What is a Relational Database?
For over a decade, people have been predicting the “inevitable” downfall of relational databases. And yet, the vast majority of enterprise applications still run on relational databases today. Why the discrepancy?
The reality is that a very large proportion of enterprise grade applications rely on relational feature sets. We have gotten so used to relational databases that we now take their features for granted. As a relational database administrator, imagine the headaches you would have to deal with if your database suddenly could not support joins anymore or if your database could no longer handle any form of constraints.
While relational databases have many characteristics, below are some commonly attributed qualities:
- Presents data to the user as relations in the form of tables that consist of columns and rows
- Supports integrity rules such as primary keys, foreign and unique constraints, NULL values, etc.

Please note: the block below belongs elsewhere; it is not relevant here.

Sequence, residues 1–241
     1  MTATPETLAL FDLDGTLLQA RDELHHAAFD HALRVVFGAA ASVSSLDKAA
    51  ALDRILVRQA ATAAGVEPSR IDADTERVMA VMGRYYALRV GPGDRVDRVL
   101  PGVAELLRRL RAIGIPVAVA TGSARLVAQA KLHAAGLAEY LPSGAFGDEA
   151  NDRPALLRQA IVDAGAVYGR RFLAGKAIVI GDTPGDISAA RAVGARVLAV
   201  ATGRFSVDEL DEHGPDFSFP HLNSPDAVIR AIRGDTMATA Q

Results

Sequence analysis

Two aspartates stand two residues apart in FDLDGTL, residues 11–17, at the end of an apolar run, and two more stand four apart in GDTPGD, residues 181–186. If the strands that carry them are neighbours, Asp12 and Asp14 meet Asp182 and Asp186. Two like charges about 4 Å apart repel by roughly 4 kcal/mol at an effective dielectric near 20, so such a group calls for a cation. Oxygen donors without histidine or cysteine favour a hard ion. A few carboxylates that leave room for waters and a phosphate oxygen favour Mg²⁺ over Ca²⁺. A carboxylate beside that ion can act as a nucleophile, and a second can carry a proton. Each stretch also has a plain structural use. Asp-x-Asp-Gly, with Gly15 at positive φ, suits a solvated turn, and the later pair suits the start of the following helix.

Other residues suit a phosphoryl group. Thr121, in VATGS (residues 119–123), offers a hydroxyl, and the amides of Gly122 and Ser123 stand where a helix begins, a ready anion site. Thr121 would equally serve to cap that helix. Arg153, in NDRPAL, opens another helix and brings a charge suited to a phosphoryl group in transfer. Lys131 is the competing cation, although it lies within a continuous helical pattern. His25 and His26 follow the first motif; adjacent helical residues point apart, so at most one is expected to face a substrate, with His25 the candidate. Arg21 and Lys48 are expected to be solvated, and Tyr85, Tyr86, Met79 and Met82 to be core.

- Supports SQL syntax
- Transaction support
- ACID compliance
A DBMS is a database management system. If everything has to be handled at the application tier, at the end of the day it is just a data repository. Now, not all use cases require relational feature sets. In some cases, data integrity and ACID compliance are actually not that important. In those cases, other options such as graph databases, document stores, etc. may be an excellent choice. Each database has unique merits and disadvantages that must be closely aligned with the needs of your business application. But if your application does demand relational features (and many do), then Altibase is the only true hybrid database that allows for both in-memory and on-disk processing while also adhering to all relational principles and paradigms.
- Relational feature sets are critical to a large proportion of enterprise applications.
- ACID compliance is a core database requirement that many new players lack (particularly NoSQL).
- SQL compliance allows existing DBA resources to easily learn and administrate Altibase, and eliminates costly retraining and the need to hire additional resources.
- Migrating systems using legacy relational databases to a new database that also supports relational features is exponentially less complex.